I have to remind myself every day that I am nowhere near alone in my suffering. This sad but simple fact is what keeps me from feeling too sorry for myself, even when the proliferation of what I am feeling at a certain moment can seem suffocating. I am one of a countless number of women or couples who have similar stories. Infertility does not discriminate, and it is surely not kind. It affects people of all races, ages, religions, and socio-economic backgrounds. Look at ANY face that you encounter in your life on any given day, and that could be the face of infertility.
I have survived my journey to this point by gaining strength through each step and failure, and by knowing that I will be okay in the end, no matter the outcome. I try to hold onto the thought that I was faced with this challenge because I could handle it, where others could not. My marriage is stronger today because my husband and I have a faced all of this together. We share a bond that many others could not truly understand. In our grief and our perseverance we have grown closer.
My husband is not the only reason that I have come through this with my dignity, my sense of humor, and most of myself intact. I also attribute my “survival” to a special group of women whom I have never met face to face. We were all brought together by our similar circumstances, and by our need to reach out to others who could understand. We have been “by each other’s sides” throughout various parts of our journeys, and we continue to support each other every day. We have all found each other on the Fertility Neighborhood website on a posting thread entitled “Anyone in 2ww – 2007”. We share the good and bad times, and through it all have become great friends. We bring levity to our situations by talking about everyday topics in addition to the common link that brought us together. We come from NJ, MA, PA, IL, MI, CO, CA, Trinidad, Greece, and Australia. Some of us have realized our dreams, while others are still pursuing them. It is an amazing thing that we have found….true friendship and understanding.
This friendship and understanding is what is bringing some of our group together in person for the first time. We have decided to meet in what we are calling a “reunion”. At least 8 of us will be meeting up in Mystic, CT in October this year. Others are not able to come at the time for various reasons. Some of our friends are continuing treatment and cannot travel. Others do not have the financial means to join us given that they are saving up to pay for their next attempt. Others are living in foreign countries, and it just isn’t feasible for them to make the trip at this time. HOWEVER, we will ALL be there in spirit.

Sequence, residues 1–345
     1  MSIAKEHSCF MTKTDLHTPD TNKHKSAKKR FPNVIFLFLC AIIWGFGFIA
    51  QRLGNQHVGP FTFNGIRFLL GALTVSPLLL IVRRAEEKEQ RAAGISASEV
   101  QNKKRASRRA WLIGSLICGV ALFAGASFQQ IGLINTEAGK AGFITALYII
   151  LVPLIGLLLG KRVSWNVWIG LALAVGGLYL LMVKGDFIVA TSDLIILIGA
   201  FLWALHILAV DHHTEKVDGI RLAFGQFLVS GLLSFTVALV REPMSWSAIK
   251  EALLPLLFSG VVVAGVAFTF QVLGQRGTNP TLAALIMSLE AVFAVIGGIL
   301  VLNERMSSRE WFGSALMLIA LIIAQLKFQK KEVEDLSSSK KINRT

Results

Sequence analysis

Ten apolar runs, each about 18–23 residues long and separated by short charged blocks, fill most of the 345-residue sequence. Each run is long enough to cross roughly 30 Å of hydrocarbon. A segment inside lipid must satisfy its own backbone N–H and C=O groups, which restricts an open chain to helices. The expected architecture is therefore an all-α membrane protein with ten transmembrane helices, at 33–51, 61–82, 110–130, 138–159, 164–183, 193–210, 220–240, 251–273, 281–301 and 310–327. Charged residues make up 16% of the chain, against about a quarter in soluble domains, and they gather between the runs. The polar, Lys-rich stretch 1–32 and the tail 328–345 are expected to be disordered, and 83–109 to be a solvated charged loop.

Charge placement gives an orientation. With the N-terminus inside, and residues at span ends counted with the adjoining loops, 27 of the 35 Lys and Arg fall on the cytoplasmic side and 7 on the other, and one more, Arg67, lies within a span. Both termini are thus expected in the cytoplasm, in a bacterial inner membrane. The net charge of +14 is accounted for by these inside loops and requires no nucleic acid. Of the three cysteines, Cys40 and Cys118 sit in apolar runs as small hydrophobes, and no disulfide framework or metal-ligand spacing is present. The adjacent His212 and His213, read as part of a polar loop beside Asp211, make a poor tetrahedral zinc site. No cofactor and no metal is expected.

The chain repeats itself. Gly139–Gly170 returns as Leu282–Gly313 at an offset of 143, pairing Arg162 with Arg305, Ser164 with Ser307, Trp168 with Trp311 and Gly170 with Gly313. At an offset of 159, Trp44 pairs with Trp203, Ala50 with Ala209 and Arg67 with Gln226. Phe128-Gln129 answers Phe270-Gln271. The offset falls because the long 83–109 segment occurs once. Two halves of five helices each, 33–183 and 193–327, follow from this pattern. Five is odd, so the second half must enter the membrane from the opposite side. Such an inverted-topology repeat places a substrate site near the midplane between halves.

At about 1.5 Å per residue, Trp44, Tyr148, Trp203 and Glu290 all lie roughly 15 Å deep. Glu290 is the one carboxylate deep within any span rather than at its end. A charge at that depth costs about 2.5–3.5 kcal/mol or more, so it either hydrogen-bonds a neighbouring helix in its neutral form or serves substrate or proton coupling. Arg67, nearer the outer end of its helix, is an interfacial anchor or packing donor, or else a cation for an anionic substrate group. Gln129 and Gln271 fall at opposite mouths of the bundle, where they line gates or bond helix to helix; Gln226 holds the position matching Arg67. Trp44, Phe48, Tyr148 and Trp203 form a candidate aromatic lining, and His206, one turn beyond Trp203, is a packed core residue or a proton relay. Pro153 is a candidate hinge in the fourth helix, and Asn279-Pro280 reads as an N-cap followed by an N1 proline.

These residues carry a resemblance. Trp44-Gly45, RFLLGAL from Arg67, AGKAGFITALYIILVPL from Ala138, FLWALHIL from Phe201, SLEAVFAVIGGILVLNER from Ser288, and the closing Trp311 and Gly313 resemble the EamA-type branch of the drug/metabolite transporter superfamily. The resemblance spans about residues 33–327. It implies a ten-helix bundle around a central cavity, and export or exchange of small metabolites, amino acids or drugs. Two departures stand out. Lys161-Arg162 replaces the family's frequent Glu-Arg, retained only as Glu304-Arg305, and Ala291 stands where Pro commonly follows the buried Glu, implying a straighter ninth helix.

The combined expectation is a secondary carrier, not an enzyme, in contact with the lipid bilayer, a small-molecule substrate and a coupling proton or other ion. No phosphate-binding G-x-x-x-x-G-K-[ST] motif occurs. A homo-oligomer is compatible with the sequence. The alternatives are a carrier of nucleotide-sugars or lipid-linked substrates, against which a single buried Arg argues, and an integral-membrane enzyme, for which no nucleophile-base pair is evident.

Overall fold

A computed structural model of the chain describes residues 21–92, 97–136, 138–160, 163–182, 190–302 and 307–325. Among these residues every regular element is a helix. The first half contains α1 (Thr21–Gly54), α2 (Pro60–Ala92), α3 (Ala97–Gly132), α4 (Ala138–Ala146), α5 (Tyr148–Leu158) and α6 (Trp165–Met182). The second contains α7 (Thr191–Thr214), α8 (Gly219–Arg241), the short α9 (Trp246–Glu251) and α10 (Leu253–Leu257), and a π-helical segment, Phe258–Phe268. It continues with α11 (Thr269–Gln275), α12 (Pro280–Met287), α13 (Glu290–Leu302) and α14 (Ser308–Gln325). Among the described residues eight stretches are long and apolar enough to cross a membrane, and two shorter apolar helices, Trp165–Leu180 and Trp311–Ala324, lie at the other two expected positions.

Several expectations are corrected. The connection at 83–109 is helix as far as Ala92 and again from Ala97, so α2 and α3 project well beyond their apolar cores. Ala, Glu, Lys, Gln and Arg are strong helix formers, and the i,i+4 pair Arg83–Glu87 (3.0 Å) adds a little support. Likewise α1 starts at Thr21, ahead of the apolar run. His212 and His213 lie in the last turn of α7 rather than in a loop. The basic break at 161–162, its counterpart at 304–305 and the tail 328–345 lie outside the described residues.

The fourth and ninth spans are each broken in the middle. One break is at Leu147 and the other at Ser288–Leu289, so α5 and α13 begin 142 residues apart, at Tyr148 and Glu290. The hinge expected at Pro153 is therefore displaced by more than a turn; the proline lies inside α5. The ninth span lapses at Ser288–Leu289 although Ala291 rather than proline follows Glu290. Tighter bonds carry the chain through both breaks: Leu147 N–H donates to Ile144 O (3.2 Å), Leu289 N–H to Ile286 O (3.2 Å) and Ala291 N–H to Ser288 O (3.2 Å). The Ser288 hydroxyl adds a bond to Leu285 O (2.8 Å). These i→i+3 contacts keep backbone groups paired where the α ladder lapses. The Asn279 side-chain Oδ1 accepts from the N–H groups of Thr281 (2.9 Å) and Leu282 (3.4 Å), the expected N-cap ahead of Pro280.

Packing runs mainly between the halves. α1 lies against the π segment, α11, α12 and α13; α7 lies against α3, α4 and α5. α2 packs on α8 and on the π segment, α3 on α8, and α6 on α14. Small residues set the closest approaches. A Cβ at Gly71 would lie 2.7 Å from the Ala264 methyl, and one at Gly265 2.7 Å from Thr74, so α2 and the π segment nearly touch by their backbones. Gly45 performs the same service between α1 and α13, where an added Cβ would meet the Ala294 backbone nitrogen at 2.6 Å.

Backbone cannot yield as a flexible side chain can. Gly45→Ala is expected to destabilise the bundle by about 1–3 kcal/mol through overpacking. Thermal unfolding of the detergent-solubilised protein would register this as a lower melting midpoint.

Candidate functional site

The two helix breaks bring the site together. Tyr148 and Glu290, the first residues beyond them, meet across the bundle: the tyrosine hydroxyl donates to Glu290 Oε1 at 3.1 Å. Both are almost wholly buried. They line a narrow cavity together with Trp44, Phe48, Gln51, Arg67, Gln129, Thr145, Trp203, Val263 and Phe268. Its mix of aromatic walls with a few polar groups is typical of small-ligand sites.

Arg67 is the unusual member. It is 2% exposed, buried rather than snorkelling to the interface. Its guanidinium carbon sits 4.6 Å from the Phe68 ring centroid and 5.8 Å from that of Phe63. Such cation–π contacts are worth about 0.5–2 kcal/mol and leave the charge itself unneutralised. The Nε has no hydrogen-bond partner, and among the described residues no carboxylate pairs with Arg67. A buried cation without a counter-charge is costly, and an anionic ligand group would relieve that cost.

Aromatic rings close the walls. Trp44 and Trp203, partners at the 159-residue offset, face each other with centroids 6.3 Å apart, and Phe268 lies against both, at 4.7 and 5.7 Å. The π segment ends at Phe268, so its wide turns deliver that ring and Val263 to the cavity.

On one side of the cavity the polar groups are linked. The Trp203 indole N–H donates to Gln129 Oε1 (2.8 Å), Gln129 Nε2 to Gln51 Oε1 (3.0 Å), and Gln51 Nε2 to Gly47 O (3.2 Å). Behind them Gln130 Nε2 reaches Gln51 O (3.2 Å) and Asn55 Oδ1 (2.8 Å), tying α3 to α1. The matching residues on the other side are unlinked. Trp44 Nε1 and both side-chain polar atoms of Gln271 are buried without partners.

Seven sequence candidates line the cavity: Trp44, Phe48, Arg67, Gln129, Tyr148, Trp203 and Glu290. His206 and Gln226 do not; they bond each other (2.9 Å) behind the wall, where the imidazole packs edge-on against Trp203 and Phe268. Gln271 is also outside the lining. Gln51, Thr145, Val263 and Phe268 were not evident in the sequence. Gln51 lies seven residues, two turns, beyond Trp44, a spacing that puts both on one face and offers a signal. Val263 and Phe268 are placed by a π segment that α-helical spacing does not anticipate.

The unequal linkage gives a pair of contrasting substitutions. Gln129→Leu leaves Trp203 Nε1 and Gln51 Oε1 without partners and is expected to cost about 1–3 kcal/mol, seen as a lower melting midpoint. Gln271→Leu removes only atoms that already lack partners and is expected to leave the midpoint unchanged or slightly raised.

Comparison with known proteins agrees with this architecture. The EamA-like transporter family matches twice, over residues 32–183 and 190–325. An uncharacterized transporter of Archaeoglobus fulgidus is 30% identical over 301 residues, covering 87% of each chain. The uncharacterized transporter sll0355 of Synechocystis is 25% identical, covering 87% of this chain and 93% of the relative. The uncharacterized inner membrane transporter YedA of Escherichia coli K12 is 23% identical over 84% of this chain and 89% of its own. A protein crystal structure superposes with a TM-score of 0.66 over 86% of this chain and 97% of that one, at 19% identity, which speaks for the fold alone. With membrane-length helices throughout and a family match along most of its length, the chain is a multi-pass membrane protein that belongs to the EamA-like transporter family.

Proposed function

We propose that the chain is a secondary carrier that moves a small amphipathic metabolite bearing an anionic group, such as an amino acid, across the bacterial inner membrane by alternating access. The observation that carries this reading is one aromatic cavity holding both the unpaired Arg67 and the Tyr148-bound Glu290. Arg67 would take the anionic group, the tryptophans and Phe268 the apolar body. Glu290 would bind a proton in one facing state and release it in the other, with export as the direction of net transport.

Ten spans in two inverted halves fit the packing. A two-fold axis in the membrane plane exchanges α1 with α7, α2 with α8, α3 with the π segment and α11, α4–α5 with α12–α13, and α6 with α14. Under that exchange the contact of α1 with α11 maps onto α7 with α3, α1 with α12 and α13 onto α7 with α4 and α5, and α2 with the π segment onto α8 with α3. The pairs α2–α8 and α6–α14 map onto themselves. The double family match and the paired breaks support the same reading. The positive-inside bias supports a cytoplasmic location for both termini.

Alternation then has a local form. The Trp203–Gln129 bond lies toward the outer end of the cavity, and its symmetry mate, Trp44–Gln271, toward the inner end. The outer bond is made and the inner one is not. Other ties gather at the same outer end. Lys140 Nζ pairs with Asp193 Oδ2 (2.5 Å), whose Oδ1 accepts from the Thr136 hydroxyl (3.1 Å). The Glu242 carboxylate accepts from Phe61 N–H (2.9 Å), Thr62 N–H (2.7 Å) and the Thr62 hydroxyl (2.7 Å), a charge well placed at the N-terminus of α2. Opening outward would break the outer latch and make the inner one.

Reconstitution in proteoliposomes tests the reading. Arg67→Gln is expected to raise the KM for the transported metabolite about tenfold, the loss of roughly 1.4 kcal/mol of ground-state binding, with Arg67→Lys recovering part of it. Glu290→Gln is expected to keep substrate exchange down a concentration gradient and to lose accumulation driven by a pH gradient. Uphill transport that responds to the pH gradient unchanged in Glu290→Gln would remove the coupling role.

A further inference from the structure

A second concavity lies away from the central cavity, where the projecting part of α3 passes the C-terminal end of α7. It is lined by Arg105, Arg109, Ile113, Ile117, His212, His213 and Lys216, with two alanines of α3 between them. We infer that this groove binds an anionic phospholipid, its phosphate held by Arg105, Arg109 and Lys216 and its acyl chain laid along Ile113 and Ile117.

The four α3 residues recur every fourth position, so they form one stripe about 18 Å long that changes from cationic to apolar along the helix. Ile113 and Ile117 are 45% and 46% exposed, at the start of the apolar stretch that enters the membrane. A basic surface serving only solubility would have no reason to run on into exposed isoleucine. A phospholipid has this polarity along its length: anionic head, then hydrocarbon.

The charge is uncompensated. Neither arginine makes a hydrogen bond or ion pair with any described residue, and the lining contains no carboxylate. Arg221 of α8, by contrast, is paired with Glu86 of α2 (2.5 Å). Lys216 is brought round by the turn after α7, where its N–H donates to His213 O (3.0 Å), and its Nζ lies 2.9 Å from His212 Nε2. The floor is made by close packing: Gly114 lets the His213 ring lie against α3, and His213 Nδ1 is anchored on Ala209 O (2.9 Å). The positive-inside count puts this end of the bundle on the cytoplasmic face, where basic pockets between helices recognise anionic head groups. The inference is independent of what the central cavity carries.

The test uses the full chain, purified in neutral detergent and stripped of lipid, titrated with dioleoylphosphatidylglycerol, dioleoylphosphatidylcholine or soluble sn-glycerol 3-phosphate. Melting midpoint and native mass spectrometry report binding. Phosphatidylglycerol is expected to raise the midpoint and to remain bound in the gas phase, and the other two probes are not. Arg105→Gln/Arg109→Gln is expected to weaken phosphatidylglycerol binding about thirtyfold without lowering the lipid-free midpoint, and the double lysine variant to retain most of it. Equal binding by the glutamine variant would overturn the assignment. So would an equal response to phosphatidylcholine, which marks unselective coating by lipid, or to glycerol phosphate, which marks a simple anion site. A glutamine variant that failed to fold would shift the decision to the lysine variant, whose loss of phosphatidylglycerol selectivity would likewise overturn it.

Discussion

We come together because we all know what it is like to be asked every day… do you have children? We can share in the sometimes uncomfortable responses, trying to nicely shout out “CHILDLESS NOT BY CHOICE!” We understand members of our group who have a child, but who have suffered for them, and who are currently suffering to have another. We know the realities: you will not automatically get pregnant if you “relax”, you will not be granted a pregnancy just because you have now chosen to adopt, you will not be blessed just because you stopped caring. In other words, we have all experienced the same insensitivities put upon us by others who have not walked in our shoes.
Some people think we are crazy or too trusting to pack our bags and hop on a plane or drive to a destination to meet a bunch of people we only “know” from the internet. But, I can guarantee you, nobody knows me better than this small melting pot of women. Nobody understands my good days and bad days in a more profound way. I guess if I never get to realize my dream of being a mommy, I can at least say that I found the silver lining in my dark cloud: my other infertility warriors. I would have never known them had it not been for my struggles. Sometimes we have to dig deep to find our purpose in life or to find the meaning of our fates, but this group all believes that we have found those things through each other. We were brought together by misery and struggle, but we triumph through the unwavering support that we give and receive on this special board every day.
We all hope that by sharing our stories (whether through the support boards, through the media, or just through our interactions with each other) that we will help other people out there who feel they are suffering through this alone. We hope to educate in order to facilitate a better understanding with our “fertile friends” out there. We wish for peace for all of us in whatever form it comes.